New Delhi: For centuries, they have struggled under the twin yokes of caste and male oppression. Now, Dalit women have decided to speak up.
About 250 Dalit women activists, writers, students, leaders and professionals will speak out about their lives at University of Pune’s Krantijyoti Savitribai Phule Women’s Studies Centre next month at a unique two-day conference.
The idea is to let Dalit women express themselves without any intervention by upper castes or men from their own community. Challenging what sociologist Sharmila Rege (in her 1998 piece ‘A Dalit Feminist Standpoint’ published in Seminar magazine) called “masculinization of Dalithood and savarnization of womanhood,” this group, which includes Dalit women from various professions, will meet in an attempt to reclaim their public space to speak up.
The event, organized by the All India Dalit Mahila Adhikar Manch and Krantijyoti Savitribai Phule Women’s Studies Centre, will be held on 19-20 December, and will try creating a “space that is free for expression, learning and growing within the collective.”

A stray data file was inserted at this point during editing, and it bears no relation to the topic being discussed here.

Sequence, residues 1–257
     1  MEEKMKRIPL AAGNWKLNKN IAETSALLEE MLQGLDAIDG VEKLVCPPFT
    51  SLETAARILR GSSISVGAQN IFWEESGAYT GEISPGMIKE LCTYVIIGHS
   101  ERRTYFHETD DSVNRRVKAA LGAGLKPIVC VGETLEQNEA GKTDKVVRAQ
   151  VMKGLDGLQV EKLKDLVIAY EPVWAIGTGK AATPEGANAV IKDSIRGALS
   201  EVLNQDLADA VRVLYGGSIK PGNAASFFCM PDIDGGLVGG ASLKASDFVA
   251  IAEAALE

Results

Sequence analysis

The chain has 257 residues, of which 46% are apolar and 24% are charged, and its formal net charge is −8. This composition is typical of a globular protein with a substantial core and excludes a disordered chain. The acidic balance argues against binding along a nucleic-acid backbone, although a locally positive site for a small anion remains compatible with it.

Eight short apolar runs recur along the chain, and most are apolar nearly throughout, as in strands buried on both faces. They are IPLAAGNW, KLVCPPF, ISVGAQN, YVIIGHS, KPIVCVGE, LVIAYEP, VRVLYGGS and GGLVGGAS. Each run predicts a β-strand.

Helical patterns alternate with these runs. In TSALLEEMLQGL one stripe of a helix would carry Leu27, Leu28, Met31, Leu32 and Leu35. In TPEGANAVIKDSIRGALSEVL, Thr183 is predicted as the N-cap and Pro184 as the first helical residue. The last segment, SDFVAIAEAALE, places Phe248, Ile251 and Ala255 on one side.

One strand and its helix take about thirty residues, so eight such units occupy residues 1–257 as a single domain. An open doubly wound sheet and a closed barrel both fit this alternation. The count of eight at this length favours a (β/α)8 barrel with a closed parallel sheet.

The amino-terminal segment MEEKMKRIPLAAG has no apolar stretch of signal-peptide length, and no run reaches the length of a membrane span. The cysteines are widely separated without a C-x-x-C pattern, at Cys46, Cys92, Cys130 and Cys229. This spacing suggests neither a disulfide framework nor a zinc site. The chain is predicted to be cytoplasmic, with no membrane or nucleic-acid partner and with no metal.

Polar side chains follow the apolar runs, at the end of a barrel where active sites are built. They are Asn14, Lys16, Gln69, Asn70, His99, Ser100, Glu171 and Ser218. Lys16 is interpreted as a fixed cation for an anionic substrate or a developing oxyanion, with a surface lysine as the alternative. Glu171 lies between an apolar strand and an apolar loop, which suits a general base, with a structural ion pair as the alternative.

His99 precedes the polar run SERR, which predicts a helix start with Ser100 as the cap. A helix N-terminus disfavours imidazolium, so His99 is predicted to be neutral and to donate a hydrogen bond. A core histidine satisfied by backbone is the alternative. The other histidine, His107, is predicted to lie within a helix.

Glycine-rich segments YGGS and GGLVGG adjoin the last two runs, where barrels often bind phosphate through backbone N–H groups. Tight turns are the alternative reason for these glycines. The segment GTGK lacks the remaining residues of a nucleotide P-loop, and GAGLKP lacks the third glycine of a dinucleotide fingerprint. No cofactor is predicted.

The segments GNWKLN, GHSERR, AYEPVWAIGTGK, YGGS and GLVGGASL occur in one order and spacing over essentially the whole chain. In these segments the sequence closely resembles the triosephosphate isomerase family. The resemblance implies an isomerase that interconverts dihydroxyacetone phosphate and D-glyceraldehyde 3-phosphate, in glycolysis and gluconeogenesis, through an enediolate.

The double oppression of Dalit women, the fault-lines between Dalit solidarity and feminism, and the unacknowledged role of Dalit women in the larger Dalit movement are subjects that have long interested Dalit commentators.
Experts say that although Dalit women have a history of participation in the movements led by Dalit icon B.R. Ambedkar, after his death, the movement became dominated by men and the process of their marginalization continues till today. It did not help that the mainstream feminist movement largely ignored the caste dimension of their struggle.
“We are not seeking sensitivity from non-Dalit wo/men and Dalit men, but only expressing our genuine need to able to freely weave our diverse voices for our future, without any mediation,” organizers said on their website.
Speaking slots and lead roles are all reserved for Dalit women and only those who have consistently worked on caste will be invited to “listen and learn”. The event comes amid growing caste-based violence.
“Dalit women will finally be speaking without anyone intervening on their behalf,” said Sudha Pai, ex-professor at Centre for Political Studies. “Normally it’s journalists, academics writing on them, or government bringing out reports about their lives, but this time it is they themselves who will be speaking out. Giving them the voice in the kind of times we are living in is very important.”
“The atrocities against Dalit women have been rising and there is so much conflict and competition between Dalits, both men and women, and other castes—for space, for jobs, upward mobility,” she added.